Wednesday, February 10, 2016

Pulling those "weeds"

Hedgeparsley (begger's lice) and chickweed
They're backkkkk. It's that time again to pull those pesky cool season annuals. Relaxing, mindless work to take your mind off all the other problems.
One of the weedy grasses I yank
Catchweed bedstraw
Common chickweed



Carrie said...

Something to consider about these plants...

Chickweed, henbit, dandelion, sweet clover (and a few others) have ecological value as early blooming plants that nurture pollinators (bees, flower flies, overwintering butterflies, beetles, gnats, etc) seeking nectar at a time of the year when there is precious little else (since we have devastated much of their native habitat and plants). Birds and stirring lizards seeking much-needed winter protein dine on those pollinators, in turn. Bumblebees emerge at just about this time, and have a particular affinity for henbit. These may be non-native plants, but the non-native european honey bee relies on them throughout mild winters when it sporadically stirs from its hive. These plants are also useful as naturally occurring cover crops which prevent wind erosion of the soil and bring minerals up from the soil into their plant tissues, adding to soil health when turned under or when tossed in the compost pile.

Sitting in the hot sun on the cold ground while gazing at the uninterrupted activity around these plants for a couple of hours will make for some interesting observations...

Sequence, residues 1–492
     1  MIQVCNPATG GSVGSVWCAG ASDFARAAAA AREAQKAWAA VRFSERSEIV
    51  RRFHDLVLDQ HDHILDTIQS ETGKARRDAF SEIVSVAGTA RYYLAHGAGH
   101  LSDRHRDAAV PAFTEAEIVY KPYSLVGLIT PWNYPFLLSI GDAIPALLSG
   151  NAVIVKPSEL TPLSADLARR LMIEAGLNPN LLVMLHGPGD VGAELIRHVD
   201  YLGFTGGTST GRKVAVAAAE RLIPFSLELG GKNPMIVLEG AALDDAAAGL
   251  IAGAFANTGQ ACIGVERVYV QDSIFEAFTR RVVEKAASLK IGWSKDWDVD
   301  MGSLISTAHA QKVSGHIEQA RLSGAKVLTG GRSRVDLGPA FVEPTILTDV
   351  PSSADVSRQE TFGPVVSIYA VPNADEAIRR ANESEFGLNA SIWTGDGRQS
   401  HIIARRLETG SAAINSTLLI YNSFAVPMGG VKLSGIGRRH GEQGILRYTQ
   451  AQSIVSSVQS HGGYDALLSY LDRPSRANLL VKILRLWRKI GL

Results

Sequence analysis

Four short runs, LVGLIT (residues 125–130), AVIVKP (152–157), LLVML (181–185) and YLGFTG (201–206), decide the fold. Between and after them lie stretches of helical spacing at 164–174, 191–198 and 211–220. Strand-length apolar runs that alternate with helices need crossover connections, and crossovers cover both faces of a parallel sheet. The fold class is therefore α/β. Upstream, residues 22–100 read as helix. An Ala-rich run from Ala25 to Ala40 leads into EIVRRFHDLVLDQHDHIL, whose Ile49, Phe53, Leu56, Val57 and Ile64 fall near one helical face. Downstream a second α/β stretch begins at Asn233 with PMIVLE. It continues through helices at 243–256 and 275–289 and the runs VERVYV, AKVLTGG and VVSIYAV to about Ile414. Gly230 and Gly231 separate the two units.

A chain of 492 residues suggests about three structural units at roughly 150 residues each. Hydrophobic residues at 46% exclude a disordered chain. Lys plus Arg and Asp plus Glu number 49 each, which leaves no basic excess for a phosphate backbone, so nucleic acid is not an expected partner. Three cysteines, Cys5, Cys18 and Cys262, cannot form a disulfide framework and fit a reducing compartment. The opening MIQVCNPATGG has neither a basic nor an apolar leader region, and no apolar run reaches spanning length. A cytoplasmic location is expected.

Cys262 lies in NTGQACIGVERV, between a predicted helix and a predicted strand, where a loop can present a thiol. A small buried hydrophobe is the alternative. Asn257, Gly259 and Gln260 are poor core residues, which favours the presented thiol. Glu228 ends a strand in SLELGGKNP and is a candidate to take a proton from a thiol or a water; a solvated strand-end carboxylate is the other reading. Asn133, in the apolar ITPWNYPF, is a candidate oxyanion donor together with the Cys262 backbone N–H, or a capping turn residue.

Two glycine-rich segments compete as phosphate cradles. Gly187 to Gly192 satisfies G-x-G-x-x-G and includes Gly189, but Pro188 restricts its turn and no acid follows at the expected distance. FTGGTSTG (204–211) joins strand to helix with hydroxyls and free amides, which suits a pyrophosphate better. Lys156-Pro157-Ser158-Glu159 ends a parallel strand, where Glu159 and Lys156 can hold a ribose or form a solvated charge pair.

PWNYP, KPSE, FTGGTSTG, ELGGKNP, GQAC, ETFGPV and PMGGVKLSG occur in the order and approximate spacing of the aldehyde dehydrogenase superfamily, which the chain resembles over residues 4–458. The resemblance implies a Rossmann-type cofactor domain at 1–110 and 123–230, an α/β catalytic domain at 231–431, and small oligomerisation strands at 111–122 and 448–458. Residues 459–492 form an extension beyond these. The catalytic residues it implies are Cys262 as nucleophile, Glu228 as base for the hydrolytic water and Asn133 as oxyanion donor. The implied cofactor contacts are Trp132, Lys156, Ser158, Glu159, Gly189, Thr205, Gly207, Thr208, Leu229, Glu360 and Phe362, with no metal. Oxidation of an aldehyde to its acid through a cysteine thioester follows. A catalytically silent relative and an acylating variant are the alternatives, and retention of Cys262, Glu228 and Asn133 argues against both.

Dr. Robert Michael Pyle, author and lepidopterist and the founder of the Xerces Society for Invertebrate Conservation, will be speaking at the Texas Pollinator PowWow in Lubbock and Tahoka Lake on April 22-24. His presentation will partially address the ecological value of some non-native plants and he will question the wisdom of our intentions and actions where these "weeds" are concerned.

Sheryl Smith-Rodgers said...

Yes, I've thought about that, Carrie. Thank you for sharing the great info. I figure there's enough growing in other spots in our Wildscape that I can yank them within the beds.

Carrie said...

Your wildflower meadow is maturing so thick and lovely that I'm surprised that anything else can pop up in it! But nature usually finds a way, doesn't it?... Are you coming to the Lubbock conference, Sheryl?

Sheryl Smith-Rodgers said...

No. Just too far for me. :-)

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